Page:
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1        threat of force does not constitute consent.
2            (D) That a person's manner of dress does not
3        constitute consent.
4            (E) That a person's consent to past sexual
5        activity does not constitute consent to future sexual
6        activity.
7            (F) That a person's consent to engage in sexual
8        activity with one person does not constitute consent
9        to engage in sexual activity with another person.
10            (G) That a person can withdraw consent at any
11        time.
12            (H) That a person cannot consent to sexual
13        activity if that person is unable to understand the
14        nature of the activity or give knowing consent due to
15        certain circumstances that include, but are not
16        limited to:
17                (i) the person is incapacitated due to the use
18            or influence of alcohol or drugs;
19                (ii) the person is asleep or unconscious;
20                (iii) the person is a minor; or
21                (iv) the person is incapacitated due to a
22            mental disability.
23            (I) The legal age of consent in this State.
 
24    (105 ILCS 5/27A-5)
25    Sec. 27A-5. Charter school; legal entity; requirements.

 

 

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1    (a) A charter school shall be a public, nonsectarian,
2nonreligious, non-home based, and non-profit school. A charter
3school shall be organized and operated as a nonprofit
4corporation or other discrete, legal, nonprofit entity
5authorized under the laws of the State of Illinois.
6    (b) A charter school may be established under this Article
7by creating a new school or by converting an existing public
8school or attendance center to charter school status.
9Beginning on April 16, 2003 (the effective date of Public Act
1093-3), in all new applications to establish a charter school
11in a city having a population exceeding 500,000, operation of
12the charter school shall be limited to one campus. The changes
13made to this Section by Public Act 93-3 do not apply to charter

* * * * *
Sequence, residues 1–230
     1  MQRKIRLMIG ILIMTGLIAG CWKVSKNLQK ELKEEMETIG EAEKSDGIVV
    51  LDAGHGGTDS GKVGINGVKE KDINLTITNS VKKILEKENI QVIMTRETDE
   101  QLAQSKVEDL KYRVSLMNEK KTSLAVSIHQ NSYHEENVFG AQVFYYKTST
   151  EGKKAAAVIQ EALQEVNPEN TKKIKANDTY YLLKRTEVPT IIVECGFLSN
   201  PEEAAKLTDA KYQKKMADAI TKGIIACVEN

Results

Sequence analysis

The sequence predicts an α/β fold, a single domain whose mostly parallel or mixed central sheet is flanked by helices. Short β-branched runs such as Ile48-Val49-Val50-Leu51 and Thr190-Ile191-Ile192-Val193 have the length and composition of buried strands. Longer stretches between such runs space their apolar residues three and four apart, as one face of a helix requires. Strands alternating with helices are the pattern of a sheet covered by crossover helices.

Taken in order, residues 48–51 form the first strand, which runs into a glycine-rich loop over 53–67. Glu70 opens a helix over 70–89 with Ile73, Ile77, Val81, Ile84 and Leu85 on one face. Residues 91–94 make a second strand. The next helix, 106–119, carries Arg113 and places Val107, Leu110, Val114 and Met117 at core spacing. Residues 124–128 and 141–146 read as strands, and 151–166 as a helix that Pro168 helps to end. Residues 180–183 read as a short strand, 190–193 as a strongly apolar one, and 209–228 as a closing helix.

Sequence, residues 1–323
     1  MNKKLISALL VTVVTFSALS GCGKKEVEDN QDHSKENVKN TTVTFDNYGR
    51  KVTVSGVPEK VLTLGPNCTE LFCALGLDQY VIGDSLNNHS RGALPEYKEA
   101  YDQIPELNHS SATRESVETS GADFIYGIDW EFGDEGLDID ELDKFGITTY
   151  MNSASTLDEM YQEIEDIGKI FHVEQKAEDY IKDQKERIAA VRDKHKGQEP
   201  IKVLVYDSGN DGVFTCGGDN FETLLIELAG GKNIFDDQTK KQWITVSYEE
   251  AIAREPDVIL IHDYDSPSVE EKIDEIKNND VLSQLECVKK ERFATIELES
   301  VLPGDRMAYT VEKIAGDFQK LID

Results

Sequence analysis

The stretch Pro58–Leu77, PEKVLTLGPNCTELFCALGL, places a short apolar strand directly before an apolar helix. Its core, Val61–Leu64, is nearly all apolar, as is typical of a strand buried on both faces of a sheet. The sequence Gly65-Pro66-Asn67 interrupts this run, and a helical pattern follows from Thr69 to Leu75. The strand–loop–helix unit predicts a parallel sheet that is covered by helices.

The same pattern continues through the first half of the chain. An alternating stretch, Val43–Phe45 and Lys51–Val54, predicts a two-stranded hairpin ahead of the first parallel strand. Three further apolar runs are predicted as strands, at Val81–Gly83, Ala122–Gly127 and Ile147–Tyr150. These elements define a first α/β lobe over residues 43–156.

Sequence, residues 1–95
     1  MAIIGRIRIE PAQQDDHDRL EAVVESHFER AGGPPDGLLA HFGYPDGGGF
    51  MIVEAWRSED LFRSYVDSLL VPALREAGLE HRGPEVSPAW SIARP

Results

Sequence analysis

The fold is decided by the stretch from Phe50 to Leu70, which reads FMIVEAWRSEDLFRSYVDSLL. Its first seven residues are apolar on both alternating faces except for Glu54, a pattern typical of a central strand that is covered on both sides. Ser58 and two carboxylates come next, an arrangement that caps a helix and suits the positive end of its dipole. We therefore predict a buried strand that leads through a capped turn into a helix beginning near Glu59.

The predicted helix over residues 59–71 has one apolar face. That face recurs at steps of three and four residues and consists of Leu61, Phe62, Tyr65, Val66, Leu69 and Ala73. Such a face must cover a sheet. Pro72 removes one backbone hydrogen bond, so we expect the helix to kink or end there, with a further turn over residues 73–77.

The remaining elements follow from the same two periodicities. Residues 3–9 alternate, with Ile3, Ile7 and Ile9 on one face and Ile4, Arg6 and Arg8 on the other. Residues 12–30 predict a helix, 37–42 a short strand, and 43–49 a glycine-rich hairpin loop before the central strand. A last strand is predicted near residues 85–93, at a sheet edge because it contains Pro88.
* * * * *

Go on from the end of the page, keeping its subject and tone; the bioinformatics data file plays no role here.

14schools existing or approved on or before April 16, 2003 (the
15effective date of Public Act 93-3).
16    (b-5) In this subsection (b-5), "virtual-schooling" means
17a cyber school where students engage in online curriculum and
18instruction via the Internet and electronic communication with
19their teachers at remote locations and with students
20participating at different times.
21    From April 1, 2013 through December 31, 2016, there is a
22moratorium on the establishment of charter schools with
23virtual-schooling components in school districts other than a
24school district organized under Article 34 of this Code. This
25moratorium does not apply to a charter school with
26virtual-schooling components existing or approved prior to

 

 

10200SB0818sam004- 20 -LRB102 04606 CMG 26671 a

1April 1, 2013 or to the renewal of the charter of a charter
2school with virtual-schooling components already approved
3prior to April 1, 2013.
4    (c) A charter school shall be administered and governed by
5its board of directors or other governing body in the manner
6provided in its charter. The governing body of a charter
7school shall be subject to the Freedom of Information Act and
8the Open Meetings Act. No later than January 1, 2021 (one year
9after the effective date of Public Act 101-291), a charter
10school's board of directors or other governing body must
11include at least one parent or guardian of a pupil currently